Another theme of "Harrison Bergeron" that is extremely pertinent to contemporary American society is the acceptance and value given to mediocrity. That Vonnegut considers this his prevailing idea is evident from his opening sentence, "The year was 2081, and everybody was finally equal." The culture of 2081 values this mediocrity to the point that people are willing to accept oppressive measures so that no one will be better than anyone else.
When Hazel watches the news announcer who is unable to read the news bulletin because of his severe speech impediment, an impediment that nevertheless has not prevented him from attaining his job, she remarks,
"That's all right--...he tried. That's the big thing. He tried to do the best he could with what God gave him."
Indeed, these words are a futuristic echoing of what is heard in present-day American society. Usually, such efforts are accompanied by a trophy or a certificate of participation. On maudlin television programs, audiences applaud the most pedestrian efforts of individuals participating in American Idol, The Voice, etc. because they came before the public and "tried."
On the other hand, competition is discouraged, and the modern emphasis is on the interpersonal interaction of players in a game, not on the winning. Society is lowered to meet the Handicapper General's standards in Harrison's world; in modern American society, no child is "left behind." The populace is desensitized, numbed by television and sound-bytes that shift and control thought rather than provoke it, a progressive desensitization promoted by technology.
The underlying and unifying theme in "Harrison Bergeron" is freedom, specifically the risks and threats to individual freedom.
George Bergeron isn't free - the "little mental handicap radio" and the "forty-seven pounds of birdshot in a canvas bag...padlocked around George's neck" insured that he wasn't free to think or do anything that was above average.
Hazel Bergeron isn't free. She has no external handicapping devices, but she also has no imagination to find anything to do but watch television without any real understanding or comprehension of what she is seeing. The performers she sees on the television are not free - they all bear evidence of their potential abilities in the weights and masks and other devices they are required to wear by the law of the land.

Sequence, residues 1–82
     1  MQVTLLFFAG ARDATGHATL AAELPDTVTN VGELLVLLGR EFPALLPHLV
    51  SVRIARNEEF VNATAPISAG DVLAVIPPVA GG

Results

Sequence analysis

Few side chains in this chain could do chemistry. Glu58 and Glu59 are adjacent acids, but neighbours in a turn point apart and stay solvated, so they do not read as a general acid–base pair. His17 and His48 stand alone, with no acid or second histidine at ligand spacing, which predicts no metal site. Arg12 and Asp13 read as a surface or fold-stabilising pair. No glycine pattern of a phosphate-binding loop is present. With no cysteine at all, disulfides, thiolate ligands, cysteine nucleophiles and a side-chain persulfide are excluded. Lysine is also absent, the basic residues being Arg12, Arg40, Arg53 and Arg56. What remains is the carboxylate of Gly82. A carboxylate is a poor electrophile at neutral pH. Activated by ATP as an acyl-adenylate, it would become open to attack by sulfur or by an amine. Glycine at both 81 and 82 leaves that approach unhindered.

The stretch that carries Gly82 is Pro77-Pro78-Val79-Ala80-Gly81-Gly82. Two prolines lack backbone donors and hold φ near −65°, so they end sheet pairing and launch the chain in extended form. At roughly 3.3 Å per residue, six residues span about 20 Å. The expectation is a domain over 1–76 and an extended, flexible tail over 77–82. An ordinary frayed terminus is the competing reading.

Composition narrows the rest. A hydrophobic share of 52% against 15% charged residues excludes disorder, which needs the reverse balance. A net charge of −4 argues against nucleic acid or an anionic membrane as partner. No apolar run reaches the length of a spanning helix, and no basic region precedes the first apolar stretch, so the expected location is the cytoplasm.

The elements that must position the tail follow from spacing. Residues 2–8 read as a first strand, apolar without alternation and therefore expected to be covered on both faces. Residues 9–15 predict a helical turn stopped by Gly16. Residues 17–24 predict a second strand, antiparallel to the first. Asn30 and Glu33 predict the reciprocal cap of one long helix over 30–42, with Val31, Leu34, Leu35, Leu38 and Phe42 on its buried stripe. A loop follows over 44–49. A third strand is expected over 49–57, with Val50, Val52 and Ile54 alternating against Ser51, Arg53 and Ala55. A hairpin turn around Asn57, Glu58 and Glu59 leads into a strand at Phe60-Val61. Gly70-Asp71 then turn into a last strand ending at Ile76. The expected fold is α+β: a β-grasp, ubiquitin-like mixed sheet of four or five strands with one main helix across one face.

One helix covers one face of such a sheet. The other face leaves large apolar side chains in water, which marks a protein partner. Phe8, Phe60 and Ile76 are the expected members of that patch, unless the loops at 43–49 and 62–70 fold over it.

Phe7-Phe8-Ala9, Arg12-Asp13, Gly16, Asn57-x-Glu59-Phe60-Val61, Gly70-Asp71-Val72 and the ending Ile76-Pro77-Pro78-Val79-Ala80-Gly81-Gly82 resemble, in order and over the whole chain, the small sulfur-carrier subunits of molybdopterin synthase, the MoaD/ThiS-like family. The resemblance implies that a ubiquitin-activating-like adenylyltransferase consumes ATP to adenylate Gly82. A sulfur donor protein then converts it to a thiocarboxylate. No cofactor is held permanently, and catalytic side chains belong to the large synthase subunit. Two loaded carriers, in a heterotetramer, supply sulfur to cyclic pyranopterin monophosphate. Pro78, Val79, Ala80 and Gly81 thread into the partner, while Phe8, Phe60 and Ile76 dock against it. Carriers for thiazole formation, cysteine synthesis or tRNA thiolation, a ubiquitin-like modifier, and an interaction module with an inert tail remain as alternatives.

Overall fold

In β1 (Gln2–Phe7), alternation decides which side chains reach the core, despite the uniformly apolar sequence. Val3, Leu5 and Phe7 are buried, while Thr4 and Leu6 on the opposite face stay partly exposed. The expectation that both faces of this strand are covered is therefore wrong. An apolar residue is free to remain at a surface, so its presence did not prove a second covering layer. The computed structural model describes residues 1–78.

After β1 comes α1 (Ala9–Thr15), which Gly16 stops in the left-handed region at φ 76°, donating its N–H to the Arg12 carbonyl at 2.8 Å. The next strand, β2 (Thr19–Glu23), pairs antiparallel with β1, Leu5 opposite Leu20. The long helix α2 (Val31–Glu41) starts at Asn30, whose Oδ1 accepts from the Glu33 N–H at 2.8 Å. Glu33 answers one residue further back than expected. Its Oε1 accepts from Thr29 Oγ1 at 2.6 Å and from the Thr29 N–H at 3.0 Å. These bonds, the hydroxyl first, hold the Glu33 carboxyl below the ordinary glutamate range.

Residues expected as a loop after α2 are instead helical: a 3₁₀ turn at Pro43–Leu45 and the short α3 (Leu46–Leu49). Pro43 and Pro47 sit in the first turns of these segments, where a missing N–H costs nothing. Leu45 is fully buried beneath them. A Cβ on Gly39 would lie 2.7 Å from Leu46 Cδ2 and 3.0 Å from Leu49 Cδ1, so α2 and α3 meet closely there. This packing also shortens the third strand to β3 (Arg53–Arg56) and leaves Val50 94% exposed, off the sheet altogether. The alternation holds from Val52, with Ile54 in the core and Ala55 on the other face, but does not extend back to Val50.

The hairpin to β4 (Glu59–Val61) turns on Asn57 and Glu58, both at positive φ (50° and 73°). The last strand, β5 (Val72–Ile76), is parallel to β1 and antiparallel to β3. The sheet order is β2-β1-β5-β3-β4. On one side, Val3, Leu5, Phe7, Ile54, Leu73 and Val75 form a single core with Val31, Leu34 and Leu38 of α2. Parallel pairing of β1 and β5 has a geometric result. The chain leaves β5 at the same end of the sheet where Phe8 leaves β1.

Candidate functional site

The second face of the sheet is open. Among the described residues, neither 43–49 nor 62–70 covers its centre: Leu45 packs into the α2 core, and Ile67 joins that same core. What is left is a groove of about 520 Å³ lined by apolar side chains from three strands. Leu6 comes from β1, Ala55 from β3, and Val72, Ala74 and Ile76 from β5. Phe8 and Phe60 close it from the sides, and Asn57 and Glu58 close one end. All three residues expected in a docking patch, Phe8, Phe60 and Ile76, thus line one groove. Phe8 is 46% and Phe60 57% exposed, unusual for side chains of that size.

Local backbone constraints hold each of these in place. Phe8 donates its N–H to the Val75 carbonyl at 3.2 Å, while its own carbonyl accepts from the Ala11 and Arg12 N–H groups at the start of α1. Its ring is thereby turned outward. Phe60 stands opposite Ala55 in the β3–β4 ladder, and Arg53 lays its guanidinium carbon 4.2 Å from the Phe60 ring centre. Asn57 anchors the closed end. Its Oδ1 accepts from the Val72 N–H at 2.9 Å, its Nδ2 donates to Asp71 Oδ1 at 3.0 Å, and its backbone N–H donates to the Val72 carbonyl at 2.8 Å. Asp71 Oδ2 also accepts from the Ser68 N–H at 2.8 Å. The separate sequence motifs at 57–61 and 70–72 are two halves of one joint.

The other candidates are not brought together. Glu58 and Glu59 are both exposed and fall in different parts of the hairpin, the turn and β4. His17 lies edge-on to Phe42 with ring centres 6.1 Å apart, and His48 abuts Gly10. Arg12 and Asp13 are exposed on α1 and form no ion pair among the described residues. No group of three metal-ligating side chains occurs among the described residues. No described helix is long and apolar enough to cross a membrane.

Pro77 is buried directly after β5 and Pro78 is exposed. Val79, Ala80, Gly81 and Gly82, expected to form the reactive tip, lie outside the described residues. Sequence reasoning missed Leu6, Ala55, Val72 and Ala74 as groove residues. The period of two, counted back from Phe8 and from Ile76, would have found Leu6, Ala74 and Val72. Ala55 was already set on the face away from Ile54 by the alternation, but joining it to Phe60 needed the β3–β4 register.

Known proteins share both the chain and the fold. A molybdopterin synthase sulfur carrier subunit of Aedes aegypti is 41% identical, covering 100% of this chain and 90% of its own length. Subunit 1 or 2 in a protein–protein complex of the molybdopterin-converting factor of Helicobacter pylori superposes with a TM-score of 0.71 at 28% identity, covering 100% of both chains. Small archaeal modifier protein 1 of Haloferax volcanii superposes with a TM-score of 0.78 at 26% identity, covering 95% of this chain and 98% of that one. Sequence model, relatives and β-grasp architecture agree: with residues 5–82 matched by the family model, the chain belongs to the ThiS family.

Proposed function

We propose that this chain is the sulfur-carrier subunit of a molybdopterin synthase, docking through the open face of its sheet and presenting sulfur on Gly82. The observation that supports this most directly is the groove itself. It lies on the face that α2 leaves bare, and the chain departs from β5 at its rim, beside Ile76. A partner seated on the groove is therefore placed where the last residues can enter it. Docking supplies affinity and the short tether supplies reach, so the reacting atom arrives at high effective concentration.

Harrison isn't free until he rebels. Until he declares himself "Emperor," he is the most extensively restricted and penalized of all. When he esapes from his handicapping devices, the reader understands the extent to which the government has gone to deprive him of his abilities and his freedom.
Harrison tore the straps of his handicap harness...straps guaranteed to support five thousand pounds...Harrison thrust his thumbs under the bar of the padlock that secured his head harness...Harrison smashed his headphones and spectacles against the wall. He flung away his rubber-ball nose, revealed a man that would have awed Thor, the god of thunder.
And in the end, Harrison's freedom causes his death. Handicapper General Diana Moon Glampers, who herself can never be free of her duties enforcing the requirements of the land, shoots Harrison before his expression of freedom even allows him to descend from his elevated position near the ceiling.
The lack of civil rights, the domination of every aspect of life by the government, the suppression of individual liberties, the brainwashing by the media - it all relates back to the theme of freedom and the lack thereof.